It is thunderous in the Carpenters Workshop Gallery, it’s almost hypnotizing. The unabated sound of wheels hitting pavement fights against the chorus of Mazzy Star’s “Fade Into You,” when the Co-Founding Partner and Managing Director Art/Furniture Owenscorp, Michèle Lamy, tells me that “skateboarding is a way to communicate through the movement of the body.” All the works are produced by the dynamic artists collective LamyLand and produced and presented by Carpenters Workshop Gallery Los Angeles. The Turning Tricks team includes Chris Benfield, Skyler DeYoung, Lamy’s daughter Scarlett Rouge, and Danny Minnick, who is also the show’s co-curator. Reimagining iconic skate spots throughout LA, Turning Tricks is an ode to the defiant art form that consists of twelve unique and skateable pieces that can endure the relentless skate aggression, wherein they explore this exchange between the body and the unforgiving pull of the earth. A slab of waxed concrete, a gilded fire hydrant, or a trashcan that may or may not be in use might seem mundane to a layman, but to the enlightened, it is another opportunity to challenge an unkind gravity, the will of the wind, and the natural allure of inertia. “It’s not really an object or a show, it’s more a story of wanting to greet the city. Art is usually in Paris and London.” Lamy shares, “We’re in LA right now, and we really want to give and be part of something that is giving to the skating community.”
Flaunt was able to carve out a few words with Lamy, Minnick, DGK pro skater Dane Vaughn, and pro skater turned designer, Erik Ellington, before the drop-in to speak on continuing to ride with evergreen optimism even when knowing what it feels like to have our backs against the concrete.
While skateboarding has now been recognized as an Olympic sport and permeated the mainstream, how do you still see skating as a defiant art form, an act of defiance?
Styles in current skating and how it’s evolved make styles indistinguishable and personal touch or style gets watered down due to stringent standard set by the industry. It’s robotic and over-evolved and is parallel with the evolution of society.
Why is defiance important to you with regard to creativity?
People aren’t as opinionated anymore. There’s less character, no more jagged edges, and as a result, it becomes a mold—just like the current styles in skating. In art, there are no rules or evolution, so your true style shows, and this is the same with the 90s-00s era of skateboarding.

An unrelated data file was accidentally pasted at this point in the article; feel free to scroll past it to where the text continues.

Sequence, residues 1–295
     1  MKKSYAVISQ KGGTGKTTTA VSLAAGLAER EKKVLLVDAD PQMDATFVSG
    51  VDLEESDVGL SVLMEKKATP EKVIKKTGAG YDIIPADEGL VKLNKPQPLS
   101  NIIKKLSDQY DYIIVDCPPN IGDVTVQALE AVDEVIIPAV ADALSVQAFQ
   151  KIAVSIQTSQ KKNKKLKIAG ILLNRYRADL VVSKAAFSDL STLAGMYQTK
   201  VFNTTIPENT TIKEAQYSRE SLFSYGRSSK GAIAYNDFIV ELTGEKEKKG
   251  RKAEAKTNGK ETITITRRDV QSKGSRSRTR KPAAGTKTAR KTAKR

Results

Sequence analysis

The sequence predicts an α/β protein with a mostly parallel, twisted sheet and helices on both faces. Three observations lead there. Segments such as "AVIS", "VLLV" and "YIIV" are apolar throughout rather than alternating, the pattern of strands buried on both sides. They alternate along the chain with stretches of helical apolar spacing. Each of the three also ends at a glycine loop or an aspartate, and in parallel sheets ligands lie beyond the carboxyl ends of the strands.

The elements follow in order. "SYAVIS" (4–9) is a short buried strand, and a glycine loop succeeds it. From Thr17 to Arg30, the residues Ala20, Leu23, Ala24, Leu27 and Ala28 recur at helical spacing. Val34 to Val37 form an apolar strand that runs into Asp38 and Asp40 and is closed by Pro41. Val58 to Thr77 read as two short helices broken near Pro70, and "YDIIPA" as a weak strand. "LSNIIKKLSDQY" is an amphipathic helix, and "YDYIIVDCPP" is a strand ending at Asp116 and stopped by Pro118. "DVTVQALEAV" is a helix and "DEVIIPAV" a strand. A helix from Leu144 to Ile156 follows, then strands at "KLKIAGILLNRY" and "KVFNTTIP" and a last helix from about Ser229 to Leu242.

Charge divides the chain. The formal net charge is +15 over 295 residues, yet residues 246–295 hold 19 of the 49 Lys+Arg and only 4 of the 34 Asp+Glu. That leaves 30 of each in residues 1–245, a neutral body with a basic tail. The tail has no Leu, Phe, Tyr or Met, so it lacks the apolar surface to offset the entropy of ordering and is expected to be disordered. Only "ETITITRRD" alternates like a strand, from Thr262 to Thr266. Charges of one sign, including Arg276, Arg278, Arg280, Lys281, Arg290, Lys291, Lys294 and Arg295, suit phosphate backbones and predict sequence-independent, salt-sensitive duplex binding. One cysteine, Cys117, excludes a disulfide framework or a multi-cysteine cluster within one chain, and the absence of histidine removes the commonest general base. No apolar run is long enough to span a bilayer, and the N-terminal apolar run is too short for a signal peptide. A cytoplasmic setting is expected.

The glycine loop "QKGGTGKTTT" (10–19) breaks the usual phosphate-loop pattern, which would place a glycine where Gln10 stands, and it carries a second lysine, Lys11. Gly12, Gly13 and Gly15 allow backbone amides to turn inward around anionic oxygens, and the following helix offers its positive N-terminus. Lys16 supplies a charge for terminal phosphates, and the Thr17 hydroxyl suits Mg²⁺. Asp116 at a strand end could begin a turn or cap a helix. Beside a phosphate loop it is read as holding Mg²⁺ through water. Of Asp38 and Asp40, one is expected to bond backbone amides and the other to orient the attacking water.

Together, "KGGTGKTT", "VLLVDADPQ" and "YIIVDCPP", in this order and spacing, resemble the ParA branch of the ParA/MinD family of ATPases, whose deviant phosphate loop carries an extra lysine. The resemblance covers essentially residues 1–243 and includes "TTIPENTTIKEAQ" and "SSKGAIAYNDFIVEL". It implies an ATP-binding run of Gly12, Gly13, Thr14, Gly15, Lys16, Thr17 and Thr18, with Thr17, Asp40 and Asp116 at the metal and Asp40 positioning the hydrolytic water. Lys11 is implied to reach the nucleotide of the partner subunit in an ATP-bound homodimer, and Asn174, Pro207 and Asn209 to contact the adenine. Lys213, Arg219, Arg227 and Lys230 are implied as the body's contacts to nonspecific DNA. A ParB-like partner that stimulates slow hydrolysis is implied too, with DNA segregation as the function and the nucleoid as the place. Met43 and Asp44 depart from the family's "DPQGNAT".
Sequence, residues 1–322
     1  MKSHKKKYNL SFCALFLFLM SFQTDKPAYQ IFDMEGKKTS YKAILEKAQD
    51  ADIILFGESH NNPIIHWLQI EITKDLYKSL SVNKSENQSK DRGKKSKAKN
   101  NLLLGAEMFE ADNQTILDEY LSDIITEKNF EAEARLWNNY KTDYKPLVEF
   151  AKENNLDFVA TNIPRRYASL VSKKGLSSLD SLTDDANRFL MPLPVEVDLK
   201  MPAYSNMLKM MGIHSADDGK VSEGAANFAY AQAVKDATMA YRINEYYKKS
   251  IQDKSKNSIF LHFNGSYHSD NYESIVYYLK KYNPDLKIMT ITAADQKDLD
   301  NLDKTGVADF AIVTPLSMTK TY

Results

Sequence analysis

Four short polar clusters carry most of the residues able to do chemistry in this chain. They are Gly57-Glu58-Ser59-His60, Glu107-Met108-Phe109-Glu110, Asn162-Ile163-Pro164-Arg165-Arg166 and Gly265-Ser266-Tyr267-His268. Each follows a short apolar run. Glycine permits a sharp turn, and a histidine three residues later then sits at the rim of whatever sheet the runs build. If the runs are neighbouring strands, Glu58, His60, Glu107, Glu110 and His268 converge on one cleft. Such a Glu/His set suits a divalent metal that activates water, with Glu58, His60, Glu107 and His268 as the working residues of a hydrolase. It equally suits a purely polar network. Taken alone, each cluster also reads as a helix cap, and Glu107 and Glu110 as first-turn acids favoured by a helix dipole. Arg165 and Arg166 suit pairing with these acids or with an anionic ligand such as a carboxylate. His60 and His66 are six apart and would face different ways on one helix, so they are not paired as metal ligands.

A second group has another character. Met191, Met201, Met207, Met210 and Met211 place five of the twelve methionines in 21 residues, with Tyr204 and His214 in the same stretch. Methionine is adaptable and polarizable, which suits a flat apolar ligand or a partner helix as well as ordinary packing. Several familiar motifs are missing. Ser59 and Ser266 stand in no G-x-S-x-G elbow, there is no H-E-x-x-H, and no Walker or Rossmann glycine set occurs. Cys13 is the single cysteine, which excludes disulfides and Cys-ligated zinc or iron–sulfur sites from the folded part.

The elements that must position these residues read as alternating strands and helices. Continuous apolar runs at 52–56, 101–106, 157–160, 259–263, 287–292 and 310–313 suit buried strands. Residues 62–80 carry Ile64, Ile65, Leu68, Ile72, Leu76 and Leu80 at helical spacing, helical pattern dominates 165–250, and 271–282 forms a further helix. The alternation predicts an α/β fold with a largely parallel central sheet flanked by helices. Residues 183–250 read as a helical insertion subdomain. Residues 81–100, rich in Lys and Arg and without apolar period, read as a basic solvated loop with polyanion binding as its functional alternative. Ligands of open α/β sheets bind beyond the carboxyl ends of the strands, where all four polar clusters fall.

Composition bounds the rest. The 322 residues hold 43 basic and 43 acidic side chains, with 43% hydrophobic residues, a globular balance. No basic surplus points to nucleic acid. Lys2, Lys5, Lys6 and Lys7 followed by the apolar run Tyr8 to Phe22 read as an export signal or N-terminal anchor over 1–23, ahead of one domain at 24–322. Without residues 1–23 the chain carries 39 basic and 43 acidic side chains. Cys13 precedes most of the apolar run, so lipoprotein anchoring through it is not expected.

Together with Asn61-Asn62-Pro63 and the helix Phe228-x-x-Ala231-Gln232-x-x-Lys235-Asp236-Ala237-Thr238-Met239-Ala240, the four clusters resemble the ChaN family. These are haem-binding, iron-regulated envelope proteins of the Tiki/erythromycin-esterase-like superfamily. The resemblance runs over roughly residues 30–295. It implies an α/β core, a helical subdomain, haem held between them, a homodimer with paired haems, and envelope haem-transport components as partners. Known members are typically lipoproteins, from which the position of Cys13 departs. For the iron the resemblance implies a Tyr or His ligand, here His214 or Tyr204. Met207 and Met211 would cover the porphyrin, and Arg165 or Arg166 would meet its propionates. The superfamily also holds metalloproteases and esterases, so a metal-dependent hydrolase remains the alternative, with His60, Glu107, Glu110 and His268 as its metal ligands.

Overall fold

With skating for as long as you have, how does the passion stay alive for you?
You have to really want to do it. It’s a kind of thing I got into as a way to express myself and I didn’t have to join a team to do it. It’s the way I share with the world. And I think that no matter how old you get, that’ll always remain the purest thing. I think that no matter what my approach to life is, I’m always looking at it through a skateboarder’s eyes.
Do you have a favorite surface to skate on?
Well, I think we pretty much find almost anything you can skate on, which is I think what a lot of these pieces suggest. So I think that is what’s unique about this is that these are objects that we value so highly, and Danny did a fantastic job of curating them. Normally people don’t look at a trash can or a fire hydrant in the way that we do, or a bench or a piece of concrete we’re sitting on. It has its own personality, and I think that that’s what this show is about, the personalities and the uniqueness of skateboarding and skateboarders as individuals.
Do you have a favorite piece?
I have a favorite piece here. It’s the recreation of Lockwood, it’s a famous spot from back in the day. It was really famous before I even started skating, and I started skating in 2000. When I started skating, there weren’t really a lot of skate parks at all. So it was definitely like growing up, skating in the streets and just kind of having that raw essence. And then now it’s like a lot of kids are growing up with so much skateboarding and parks around, you can already look and see what’s been done and all that.
Rick Owens. “Single Aluminum Prong”. Mirror Polished. 35.4” X 31.5” X 19.7”. Courtesy Of Carpenters Workshop Gallery.
So, it’s very much passing on the legacy. In 10 years, what do you hope to see in skating?
Skateboarding in a raw area. Like I want to see, ‘Like okay, if you’re going the contest and you’re skating and that’s cool. I give you props for that.’ But I also wanna see the same people going out and doing the same things that we grew up doing, like going and being a part of the streets. And getting your credibility and appreciation from all areas. You know, make sure you hit all the little pinpoints of what people appreciate.
What do you hope people will take home with them tonight?
They are going to come to skate!
Are you going to skate?
No. You know I’ve been doing a lot of things with boxing everywhere in France—that I can still do.
How do you relate to riding the storm? Is it about passion or perhaps patience? How do you ride the storm?
There are so many storms right now, I don’t ride it too well. If there was a means we could help, that’s what I try to do. That would be the first revolution started by girls and women. They are incredible, but at the same time there are things all over the world, so right now we are making our bubble and seeing what we can do. I’m an exhausting optimist.
Where do you find the energy to be this optimistic?